New York

“Painting: Now and Forever, Part II”

Greene Naftali Gallery/Matthew Marks Gallery

“Du hast keine Chance. Nutze sie!” You have no chance. Use it! So ran the title of an essay in this magazine in 1981, by Wolfgang Max Faust, quoting the then-young Neue Wilde painters of Berlin. To seize the chance you didn’t have, as if it actually was a chance—that was a viable motto for painting back then; for ten or fifteen years the form had been well on the dull side of the cutting edge, and though plenty of painters were working, the breaking news was elsewhere. In the context of the time, too, the slogan rhymed painting with punk, if not visually then intellectually. “You have no talent. Use it!”—Johnny Rotten could have shouted that at Sid Vicious, with a few curses thrown in. Scrappy, underdog, sharp, energized, urgent: This was the spirit of new painting then, as it rose like Dracula from the undead.

What we get nearly thirty years later is “Painting: Now and Forever, Part II.” Leaving aside the silliness of “Now and Forever, Part II”—resonant, I guess accidentally, of Mel Brooks or Monty Python—the phrase implies a subject in need of celebration, a defensive flag-waving on behalf of an embattled or overlooked marginality. But perhaps I just want to think of it that way, since another reading is crassly triumphalist. And in fact: Though the media that once seemed about to displace painting have indeed established themselves undeniably, with photography, video, etc.—and even some of the varied descendants of Conceptual art, once loudly anti-market—doing better than fine not just critically and financially but in terms of public acceptance, right now they don’t threaten painting one bit. Right now, to design a show around the principle of “Painting: Now and Forever” seems like blowing your trumpet in the middle of a marching band.

And yet: This summer, there that show was. It was styled as an anniversary reincarnation of an exhibition organized ten years ago by the Matthew Marks Gallery and the now-closed Pat Hearn Gallery, with Greene Naftali Gallery stepping up in place of the latter. Even that first time around, in 1998, the world was not in need of a show called “Painting: Now and Forever”; painting then had plenty of chances it could use. And since the selection of both the first show and the recent one, as the galleries have proudly asserted, was “highly subjective,” neither could really be taken as a survey of painting now, or a speculation on what might carry it in the future. In including Mary Heilmann, formerly of the Hearn gallery, both shows did refer to a time when to become a painter really was a nervy, stubborn decision, and so to painting’s persistence. But if that was the point, an artist like Elizabeth Murray, say—present in “Part I” but not in “Part II”—would have done just as well.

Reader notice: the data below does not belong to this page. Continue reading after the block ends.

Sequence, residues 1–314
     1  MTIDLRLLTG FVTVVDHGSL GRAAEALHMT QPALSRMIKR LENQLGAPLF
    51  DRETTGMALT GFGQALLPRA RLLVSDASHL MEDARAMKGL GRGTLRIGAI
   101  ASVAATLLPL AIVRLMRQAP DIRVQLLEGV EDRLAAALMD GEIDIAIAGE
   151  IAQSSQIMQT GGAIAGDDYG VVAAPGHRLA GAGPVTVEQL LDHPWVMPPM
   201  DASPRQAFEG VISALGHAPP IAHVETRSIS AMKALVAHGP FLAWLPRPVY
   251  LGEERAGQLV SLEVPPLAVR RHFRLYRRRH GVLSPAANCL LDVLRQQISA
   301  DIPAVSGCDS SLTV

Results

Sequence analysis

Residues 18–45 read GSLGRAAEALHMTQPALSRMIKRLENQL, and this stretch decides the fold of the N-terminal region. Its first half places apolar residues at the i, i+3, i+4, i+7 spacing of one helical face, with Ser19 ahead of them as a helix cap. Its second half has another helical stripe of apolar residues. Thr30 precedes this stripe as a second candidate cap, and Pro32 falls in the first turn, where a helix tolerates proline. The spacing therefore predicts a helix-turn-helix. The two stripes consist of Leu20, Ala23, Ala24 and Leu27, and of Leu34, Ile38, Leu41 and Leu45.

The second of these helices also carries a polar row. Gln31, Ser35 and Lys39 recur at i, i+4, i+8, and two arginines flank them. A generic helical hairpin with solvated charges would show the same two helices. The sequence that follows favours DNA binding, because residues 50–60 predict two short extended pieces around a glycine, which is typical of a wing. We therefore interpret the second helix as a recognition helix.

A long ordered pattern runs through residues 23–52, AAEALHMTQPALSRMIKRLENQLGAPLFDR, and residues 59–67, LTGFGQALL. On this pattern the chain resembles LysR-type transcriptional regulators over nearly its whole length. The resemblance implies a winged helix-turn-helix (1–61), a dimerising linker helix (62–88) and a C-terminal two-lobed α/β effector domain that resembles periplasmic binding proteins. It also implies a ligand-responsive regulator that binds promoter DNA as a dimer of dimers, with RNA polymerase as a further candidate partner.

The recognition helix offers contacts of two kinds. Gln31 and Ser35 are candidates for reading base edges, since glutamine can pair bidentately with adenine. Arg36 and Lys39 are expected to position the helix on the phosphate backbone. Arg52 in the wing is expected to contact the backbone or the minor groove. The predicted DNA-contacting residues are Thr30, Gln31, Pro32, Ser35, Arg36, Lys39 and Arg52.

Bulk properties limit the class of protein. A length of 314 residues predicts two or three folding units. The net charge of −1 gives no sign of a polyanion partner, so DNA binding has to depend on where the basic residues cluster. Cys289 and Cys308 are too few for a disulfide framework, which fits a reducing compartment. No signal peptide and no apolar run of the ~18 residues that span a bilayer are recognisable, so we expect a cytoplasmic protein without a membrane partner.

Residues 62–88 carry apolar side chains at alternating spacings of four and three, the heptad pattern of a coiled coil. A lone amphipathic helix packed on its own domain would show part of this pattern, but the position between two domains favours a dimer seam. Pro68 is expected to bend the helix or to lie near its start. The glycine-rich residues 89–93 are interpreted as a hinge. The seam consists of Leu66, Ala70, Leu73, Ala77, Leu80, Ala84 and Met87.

Murray, though, would have seemed out of place at Matthew Marks, which phrased painting rather oddly as almost entirely abstract, cool, and conceptually informed. Only Martin Kippenberger, and perhaps Lily van der Stokker’s Complain Mountain of 2008—its speech bubbles (HUGE FIGHT NEVER REPAIRED) suggesting a less verbally dense Sean Landers—paid lip service to painting’s narrative and descriptive possibilities, and that at some remove. I enjoyed walking through these rooms. A number of works talked to each other across the big central space, Wojciech Fangor’s Op sunburst from 1964, for example, versifying with Jack Goldstein’s rather differently conceived lake of red and blue from 1987, and Katharina Fritsch’s Bild mit Spiegel (Picture with Mirror, 1998), a painting/object in the vein of Allan McCollum, throwing the whole show back at itself. Highlights, though, were the chapel-like rooms to the sides, which Heilmann, Wade Guyton, and Anne Truitt had respectively to themselves, for unified suites of works that sang together, particularly those of Guyton and Truitt. I also relished Karen Kilimnik’s the snow Queen causing a blizzard in Siberia, 2008, a scruffily painted white monochrome scattered with glitter.

The Greene Naftali choices were more various and unpredictable, ranging from a pair of elaborately modest Paul Theks through the usual-suspect masterliness of Ellsworth Kelly to the clotted Mona Lisas of Gelitin. Though Poul Gernes’s opening targetlike abstractions suggested a rerun of the Marks show, representational painting generally got more play here, and there was more of a sense of the range of what painting can do—and if the result was a less unified, more hodge-podge installation, tant pis. As at Marks, the show had real pleasures; I would pick out William Leavitt’s Manta Ray of 1981 and its pairing with another of Kilimnik’s quasi-abstractions, this one dark blue. Also the surprising Moving Circus of 2008, by Kai Althoff and Erin Allen, a semifigural and quite engrossing collage of tempera and dangling fabrics, like Sigmar Polke gone shabby chic. But the absence of any real thesis or argument that I could find left me running on empty. For a pair of shows celebrating the eternal energy of painting, it was all so well behaved; I wanted to hear Sid Vicious coming in, on the bass he couldn’t play, yet did.

David Frankel